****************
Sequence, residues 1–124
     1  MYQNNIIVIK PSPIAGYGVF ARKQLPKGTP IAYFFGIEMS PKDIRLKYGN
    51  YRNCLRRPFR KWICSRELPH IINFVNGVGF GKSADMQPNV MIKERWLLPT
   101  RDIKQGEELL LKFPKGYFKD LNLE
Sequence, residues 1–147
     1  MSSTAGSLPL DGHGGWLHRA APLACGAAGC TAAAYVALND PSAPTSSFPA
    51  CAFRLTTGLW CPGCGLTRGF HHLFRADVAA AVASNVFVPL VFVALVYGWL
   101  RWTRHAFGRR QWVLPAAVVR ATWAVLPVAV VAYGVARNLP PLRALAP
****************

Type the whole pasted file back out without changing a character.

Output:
Sequence, residues 1–124
     1  MYQNNIIVIK PSPIAGYGVF ARKQLPKGTP IAYFFGIEMS PKDIRLKYGN
    51  YRNCLRRPFR KWICSRELPH IINFVNGVGF GKSADMQPNV MIKERWLLPT
   101  RDIKQGEELL LKFPKGYFKD LNLE
Sequence, residues 1–147
     1  MSSTAGSLPL DGHGGWLHRA APLACGAAGC TAAAYVALND PSAPTSSFPA
    51  CAFRLTTGLW CPGCGLTRGF HHLFRADVAA AVASNVFVPL VFVALVYGWL
   101  RWTRHAFGRR QWVLPAAVVR ATWAVLPVAV VAYGVARNLP PLRALAP